The idea of creating clothes meant for cyberspace has been raising eyebrows in the past two years. To gain insight on the phenomenon, we talk to designers Gala Marija Vrbanic and Scarlett Yang.
In the 1980s, fashion – or at least its glamourous, airbrushed into-oblivion-version – happened largely on the catwalks; raw style, on the other hand, lived in parties, often in the “adult amusement park” setting of New York’s Studio 54. Since the ’90s, however, fashion has increasingly been all about the streets– and especially so after style sirens began migrating to social media.
Now, it seems as if casual fashion observers (aka anyone unfortunate enough to own an Instagram account) find themselves on the precipice of change – one that involves no physicality whatsoever. To help guide you through this bright new world that seems to be just around the corner, I spoke to digital-fashion pioneers Gala Marija Vrbanic and Scarlett Yang.
Vrbanic founded Tribute Brand in 2020, shortly after graduating from the University of Zagreb with a degree in visual communications. Her love for fashion was, ina way, genetic, “My mom is a fashion designer, so I’ve been surrounded by fashion all my life,” she says, though her decision to make digital fashion the focus of her brand was inspired by the gaming culture. “Five years ago, I stumbled upon this software used for fashion brands, so that they don’t have to produce physical prototypes. Then I realised we can use this softwarefor something else, not just physical fashion. We can make crazy things.”
Within two days of the first images of Vrbanic’s Trone-esque dresses showing up on Instagram, Tribute Brand had become a sensation in fashion circles. “On the second day, we were in Vogue Business,” Vrbanic recalls. “This thing doesn’t happen to a physical fashion brand.” Less than two years later, its patrons include Argentine singer Nathy Peluso, South Korean rapper CL and designer Nicola Formichetti.
Alexander McQueen was the influence that pushed Scarlett Yang into fashion. While studying at Central Saint Martins, Yang discovered her fascination with biomaterials and, at the same time, “gaming, anime and cosplay”, and began using 3D software, which was often employed in character design, to create digital garments. In 2020, Yang debuted a hybrid dress that included a physical piece, made from algae extract and silk cocoon biowaste, and a digital 3D skin. “If you look up-close, the model is wearing a physical piece, and there’s some part of it that’s 3D imposed on top, because the biomaterial was dissolving while we were shooting,” Yang explains. The project, which was titled “Decomposition of Materiality and Identities”, won the LVMH Maison/0 Green Trial 2020 prize.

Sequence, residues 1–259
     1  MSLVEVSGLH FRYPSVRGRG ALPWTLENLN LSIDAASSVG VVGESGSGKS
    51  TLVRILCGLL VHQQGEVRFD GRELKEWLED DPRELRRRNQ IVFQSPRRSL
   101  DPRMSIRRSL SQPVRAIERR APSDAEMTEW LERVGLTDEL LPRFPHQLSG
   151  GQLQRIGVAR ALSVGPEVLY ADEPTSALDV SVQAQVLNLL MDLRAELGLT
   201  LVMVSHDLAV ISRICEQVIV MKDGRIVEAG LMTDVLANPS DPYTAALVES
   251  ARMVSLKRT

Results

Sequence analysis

Design workflows are like fingerprints – none are identical. Philipp Plein, for example, neither sews and nor, allegedly, does he make sketches for his clothes; while London-based designer David Koma once hadto sit in at mortuary autopsies to learn how to make the perfect bodysuit. Digital fashion is no different. For Vrbanic, the design processes for digital and physical garments are similar.
“Basically it’s the same,” she says. “Instead of sewing things and doing prototypes in the physical world, we just do everything in front of the screen and start from there.” For Scarlett, given the specifics of her work with physical garments, the digital workfl ow follows a different path. “With the physical garments I used to [make] back in the school, there was a lot of heavy hand-stitching, details, embroidery and crazy sequins,” she explains. “That’s not the case with the digital collections. You have all these algorithms, you can program them, generate these hundreds of thousands, millions of little sequins by just clicking one button. It doesn’t require that many hours, but then there’s a lot of curation and decision-making.”
A conversation about digital fashion without questions concerning wearability is impossible. According to its founder, Tribute Brand positions itself not only as a tool for people to express themselves online but also as a “fashion-tech house”. The online experience of wearinga digital garment that transcends physical constraints in its design was described by one of Vrbanic’s customersas “an instant ego boost”.
“Does social media matter?” she asks herself during our interview. “It matters because this is where we express ourselves now. Before, fashion was happening on the streets. Now, everything is transferred to the virtual space. Social media is the basic step. You have those metaverses, games, levelling everything up.”